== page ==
A head for Numbers
A typically separate group of people has trouble not with reading and writing, but with learning basic mathematics. Dyscalculia affects some 6 percent to 8 percent of the world population, studies suggest. As with dyslexia, something of a genetic component exists, with identical twins sharing dyscalculia almost 60 percent of the time.
Several brain areas activate when subjects perform calculations, in particular the intraparietal sulcus, located at the top-back area of our heads.
"This appears to be the 'math center' of the brain," said Melissa Libertus, a postdoctoral fellow in the department of psychological and brain sciences at Johns Hopkins University. "If this part of the brain has a problem, then those people have math problems."
ABCs or 123s
Libertus has just published a paper showing that preschoolers have varying degrees of "number sense," or an innate ability to estimate quantities. It's likely, Libertus said, that people with higher inborn skills perform better at math throughout their lives. Similarly, Eden has studied children with precocious reading abilities, showing that some of us just have a knack.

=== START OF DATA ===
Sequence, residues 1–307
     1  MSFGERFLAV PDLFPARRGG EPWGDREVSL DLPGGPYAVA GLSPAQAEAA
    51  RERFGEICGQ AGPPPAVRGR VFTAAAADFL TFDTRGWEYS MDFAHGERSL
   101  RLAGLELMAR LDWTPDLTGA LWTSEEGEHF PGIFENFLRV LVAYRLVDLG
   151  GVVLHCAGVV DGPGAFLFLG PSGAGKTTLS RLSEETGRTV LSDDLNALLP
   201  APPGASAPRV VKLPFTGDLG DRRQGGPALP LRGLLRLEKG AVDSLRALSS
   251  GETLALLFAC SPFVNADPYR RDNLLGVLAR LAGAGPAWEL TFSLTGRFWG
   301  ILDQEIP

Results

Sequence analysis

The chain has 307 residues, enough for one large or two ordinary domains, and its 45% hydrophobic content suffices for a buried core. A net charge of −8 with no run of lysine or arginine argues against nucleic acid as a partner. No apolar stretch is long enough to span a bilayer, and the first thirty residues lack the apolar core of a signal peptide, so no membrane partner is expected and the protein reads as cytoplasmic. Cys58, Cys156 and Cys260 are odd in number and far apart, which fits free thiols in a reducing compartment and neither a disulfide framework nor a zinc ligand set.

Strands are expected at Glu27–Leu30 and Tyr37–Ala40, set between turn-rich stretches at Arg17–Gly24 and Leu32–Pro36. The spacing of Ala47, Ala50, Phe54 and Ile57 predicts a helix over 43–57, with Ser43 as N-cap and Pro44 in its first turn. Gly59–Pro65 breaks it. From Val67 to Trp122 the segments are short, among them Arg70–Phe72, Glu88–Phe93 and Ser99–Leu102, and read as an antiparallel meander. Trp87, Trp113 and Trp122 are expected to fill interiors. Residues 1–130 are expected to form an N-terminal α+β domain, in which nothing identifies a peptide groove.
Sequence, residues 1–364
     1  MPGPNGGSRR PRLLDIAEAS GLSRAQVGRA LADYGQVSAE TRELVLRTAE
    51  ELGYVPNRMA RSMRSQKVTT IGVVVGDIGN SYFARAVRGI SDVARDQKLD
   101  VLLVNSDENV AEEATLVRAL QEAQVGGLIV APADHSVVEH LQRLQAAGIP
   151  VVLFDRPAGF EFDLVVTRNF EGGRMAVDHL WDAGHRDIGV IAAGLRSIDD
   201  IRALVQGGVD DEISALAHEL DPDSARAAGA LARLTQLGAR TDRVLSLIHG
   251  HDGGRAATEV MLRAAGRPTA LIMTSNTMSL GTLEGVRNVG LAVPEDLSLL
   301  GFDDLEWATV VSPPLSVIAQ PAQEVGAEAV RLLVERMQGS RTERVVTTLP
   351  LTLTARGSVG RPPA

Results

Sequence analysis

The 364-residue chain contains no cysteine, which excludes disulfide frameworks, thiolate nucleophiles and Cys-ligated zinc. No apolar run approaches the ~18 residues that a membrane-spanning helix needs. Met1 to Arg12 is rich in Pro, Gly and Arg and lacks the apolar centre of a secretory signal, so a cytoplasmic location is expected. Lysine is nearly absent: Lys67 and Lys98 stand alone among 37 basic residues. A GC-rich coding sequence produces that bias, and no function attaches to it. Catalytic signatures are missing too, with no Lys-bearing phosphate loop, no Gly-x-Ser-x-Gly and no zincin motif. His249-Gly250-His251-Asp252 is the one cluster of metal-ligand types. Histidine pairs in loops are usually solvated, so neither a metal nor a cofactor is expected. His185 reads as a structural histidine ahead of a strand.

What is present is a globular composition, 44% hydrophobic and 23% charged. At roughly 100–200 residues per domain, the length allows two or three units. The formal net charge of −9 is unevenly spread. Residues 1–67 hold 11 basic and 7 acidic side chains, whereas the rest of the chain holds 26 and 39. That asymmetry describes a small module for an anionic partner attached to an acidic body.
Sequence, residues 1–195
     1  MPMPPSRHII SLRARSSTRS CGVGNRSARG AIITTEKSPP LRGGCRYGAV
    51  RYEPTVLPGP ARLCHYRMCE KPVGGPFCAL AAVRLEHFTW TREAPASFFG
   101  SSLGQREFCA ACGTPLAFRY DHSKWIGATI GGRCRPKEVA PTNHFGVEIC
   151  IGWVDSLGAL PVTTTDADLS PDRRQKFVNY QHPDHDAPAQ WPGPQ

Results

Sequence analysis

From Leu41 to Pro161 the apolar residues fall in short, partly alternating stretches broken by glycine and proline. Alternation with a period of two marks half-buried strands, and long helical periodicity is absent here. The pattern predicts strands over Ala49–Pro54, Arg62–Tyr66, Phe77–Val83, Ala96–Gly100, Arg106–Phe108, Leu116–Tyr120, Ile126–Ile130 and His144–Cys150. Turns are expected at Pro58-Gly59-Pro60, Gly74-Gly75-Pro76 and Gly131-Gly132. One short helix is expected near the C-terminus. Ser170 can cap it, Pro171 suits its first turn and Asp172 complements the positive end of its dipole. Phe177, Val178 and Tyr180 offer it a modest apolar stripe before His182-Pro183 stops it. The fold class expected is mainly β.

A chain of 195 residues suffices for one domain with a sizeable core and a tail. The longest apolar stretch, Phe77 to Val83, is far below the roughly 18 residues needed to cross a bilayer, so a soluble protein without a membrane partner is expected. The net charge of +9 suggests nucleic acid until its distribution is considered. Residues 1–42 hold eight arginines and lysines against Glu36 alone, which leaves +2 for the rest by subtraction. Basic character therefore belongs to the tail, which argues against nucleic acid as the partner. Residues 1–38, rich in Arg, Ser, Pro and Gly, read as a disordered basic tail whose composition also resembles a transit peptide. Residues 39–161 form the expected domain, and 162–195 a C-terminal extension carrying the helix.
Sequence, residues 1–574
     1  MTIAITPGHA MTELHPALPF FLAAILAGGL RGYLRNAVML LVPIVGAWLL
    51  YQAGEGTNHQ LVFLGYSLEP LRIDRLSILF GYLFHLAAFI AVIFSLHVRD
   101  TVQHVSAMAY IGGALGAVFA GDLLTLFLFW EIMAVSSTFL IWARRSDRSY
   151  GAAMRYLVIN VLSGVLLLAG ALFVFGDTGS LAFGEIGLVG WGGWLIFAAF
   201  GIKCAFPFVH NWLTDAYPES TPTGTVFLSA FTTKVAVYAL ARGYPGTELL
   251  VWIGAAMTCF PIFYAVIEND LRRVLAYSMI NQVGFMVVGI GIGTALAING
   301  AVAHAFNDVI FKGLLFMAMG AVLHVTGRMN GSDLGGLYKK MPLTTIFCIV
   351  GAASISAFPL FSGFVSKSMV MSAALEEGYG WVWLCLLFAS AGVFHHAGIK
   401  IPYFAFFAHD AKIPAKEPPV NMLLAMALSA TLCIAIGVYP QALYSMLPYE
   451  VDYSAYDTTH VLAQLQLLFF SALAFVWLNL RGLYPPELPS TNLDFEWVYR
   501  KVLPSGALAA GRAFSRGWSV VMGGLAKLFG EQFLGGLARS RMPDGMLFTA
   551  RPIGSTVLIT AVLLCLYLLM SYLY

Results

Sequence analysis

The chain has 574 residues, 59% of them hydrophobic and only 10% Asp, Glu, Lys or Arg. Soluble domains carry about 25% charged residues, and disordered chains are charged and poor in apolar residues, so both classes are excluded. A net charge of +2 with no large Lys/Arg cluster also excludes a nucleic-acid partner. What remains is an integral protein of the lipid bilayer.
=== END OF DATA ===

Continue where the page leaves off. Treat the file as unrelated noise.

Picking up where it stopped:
On the other hand, being born with dyslexia or dyscalculia, does not necessarily produce a math or language person. In this way, upbringing and education frequently lead to language or math preferences based on innate strengths and weaknesses.
"Of course, environment and experience play a major role," Butterworth said. Parents who have a lot of books around the house might encourage a child to get more into reading and writing, whereas math games promote doing sums instead.
Human calculators and polyglots
Although our brains are evolutionarily hard-wired for speech and a basic sense of numbers, we must be taught to read, write and do arithmetic. And regardless of one's natural abilities, practice — to an extent — can make perfect.
Many prodigious "human calculators," for example, admit to being obsessed with numbers, thinking about and working with them all day. Similarly, polyglots such as Emil Krebs, a German man who claimed mastery of 68 languages, must study hard to become fluent in non-native tongues.
Supporting this "practice makes perfect" view is that fact that language or math abilities are not tied to IQ scores. Shakuntala Devi, an Indian woman, astoundingly multiplied two 13 digit numbers in her head in 28 seconds, yet possessed an average IQ.
Math "savants" go even further, such as Dustin Hoffman's character in "Rain Man." These rare individuals perform feats of mathematical wizardry but have terrible verbal skills and low IQ scores.
Ultimately, markedly skewed abilities in language and math come about from a confluence of factors, researchers agree. Genes, development and personal zeal all determine our letter grades and where we fall on the number line.